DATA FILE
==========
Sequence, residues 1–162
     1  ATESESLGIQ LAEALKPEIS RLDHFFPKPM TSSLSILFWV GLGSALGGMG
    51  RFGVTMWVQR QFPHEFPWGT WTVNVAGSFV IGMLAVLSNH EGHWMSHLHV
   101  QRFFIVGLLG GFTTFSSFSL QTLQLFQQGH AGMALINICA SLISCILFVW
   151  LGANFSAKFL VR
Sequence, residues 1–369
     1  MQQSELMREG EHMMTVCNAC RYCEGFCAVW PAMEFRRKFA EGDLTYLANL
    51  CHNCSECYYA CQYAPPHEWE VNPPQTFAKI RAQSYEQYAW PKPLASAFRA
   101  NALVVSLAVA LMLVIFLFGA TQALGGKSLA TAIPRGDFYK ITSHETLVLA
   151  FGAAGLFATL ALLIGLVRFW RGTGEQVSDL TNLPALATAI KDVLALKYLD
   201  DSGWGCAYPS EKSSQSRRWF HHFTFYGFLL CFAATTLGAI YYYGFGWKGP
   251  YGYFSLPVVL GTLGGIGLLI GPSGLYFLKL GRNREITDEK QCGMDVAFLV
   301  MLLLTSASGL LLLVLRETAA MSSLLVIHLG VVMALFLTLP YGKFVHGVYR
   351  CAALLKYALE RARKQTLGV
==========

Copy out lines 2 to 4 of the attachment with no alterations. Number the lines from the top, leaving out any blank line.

     1  ATESESLGIQ LAEALKPEIS RLDHFFPKPM TSSLSILFWV GLGSALGGMG
    51  RFGVTMWVQR QFPHEFPWGT WTVNVAGSFV IGMLAVLSNH EGHWMSHLHV
   101  QRFFIVGLLG GFTTFSSFSL QTLQLFQQGH AGMALINICA SLISCILFVW